Honey bee (Apis mellifera) colonies continue to experience high annual losses that remain poorly explained. Numerous interacting factors have been linked to colony declines. Understanding the pathways linking pathophysiology with symptoms is an important step in understanding the mechanisms of disease. In this study we examined the specific pathologies associated with honey bees collected from colonies suffering from Colony Collapse Disorder (CCD) and compared these with bees collected from apparently healthy colonies. We identified a set of pathological physical characteristics that occurred at different rates in CCD diagnosed colonies prior to their collapse: rectum distension, Malpighian tubule iridescence, fecal matter consistency, rectal enteroliths (hard concretions), and venom sac color. The multiple differences in rectum symptomology in bees from CCD apiaries and colonies suggest effected bees had trouble regulating water. To ensure that pathologies we found associated with CCD were indeed pathologies and not due to normal changes in physical appearances that occur as an adult bee ages (CCD colonies are assumed to be composed mostly of young bees), we documented the changes in bees of different ages taken from healthy colonies. We found that young bees had much greater incidences of white nodules than older cohorts. Prevalent in newly-emerged bees, these white nodules or cellular encapsulations indicate an active immune response. Comparing the two sets of characteristics, we determined a subset of pathologies that reliably predict CCD status rather than bee age (fecal matter consistency, rectal distension size, rectal enteroliths and Malpighian tubule iridescence) and that may serve as biomarkers for colony health. In addition, these pathologies suggest that CCD bees are experiencing disrupted excretory physiology. Our identification of these symptoms is an important first step in understanding the physiological pathways that underlie CCD and factors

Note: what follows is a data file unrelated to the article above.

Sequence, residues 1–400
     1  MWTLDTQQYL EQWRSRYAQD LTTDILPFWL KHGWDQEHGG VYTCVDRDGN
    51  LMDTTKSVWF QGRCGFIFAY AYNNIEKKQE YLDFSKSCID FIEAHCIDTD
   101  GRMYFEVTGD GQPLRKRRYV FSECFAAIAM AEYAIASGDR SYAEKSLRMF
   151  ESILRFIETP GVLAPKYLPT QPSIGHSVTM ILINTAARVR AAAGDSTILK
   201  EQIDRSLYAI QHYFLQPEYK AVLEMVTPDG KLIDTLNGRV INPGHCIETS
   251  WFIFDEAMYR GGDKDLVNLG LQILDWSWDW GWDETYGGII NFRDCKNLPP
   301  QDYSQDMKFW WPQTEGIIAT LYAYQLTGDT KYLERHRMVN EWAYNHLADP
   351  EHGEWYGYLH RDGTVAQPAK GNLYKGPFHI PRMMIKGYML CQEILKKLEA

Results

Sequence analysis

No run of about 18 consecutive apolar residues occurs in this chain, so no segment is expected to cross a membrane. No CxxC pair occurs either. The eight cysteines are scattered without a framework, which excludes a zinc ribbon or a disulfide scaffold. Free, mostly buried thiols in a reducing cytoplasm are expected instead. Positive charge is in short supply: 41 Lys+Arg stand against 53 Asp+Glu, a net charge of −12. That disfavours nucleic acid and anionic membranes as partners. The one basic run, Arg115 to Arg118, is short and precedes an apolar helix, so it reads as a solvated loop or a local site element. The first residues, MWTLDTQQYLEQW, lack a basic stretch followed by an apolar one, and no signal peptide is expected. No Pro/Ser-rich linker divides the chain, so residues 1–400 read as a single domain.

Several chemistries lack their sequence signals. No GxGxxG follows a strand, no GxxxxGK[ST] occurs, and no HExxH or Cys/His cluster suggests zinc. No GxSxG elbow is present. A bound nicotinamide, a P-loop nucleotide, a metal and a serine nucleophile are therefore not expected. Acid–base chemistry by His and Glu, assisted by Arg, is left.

15. Modeling the impact of preflushing on CTE in proton irradiated CCD-based detectors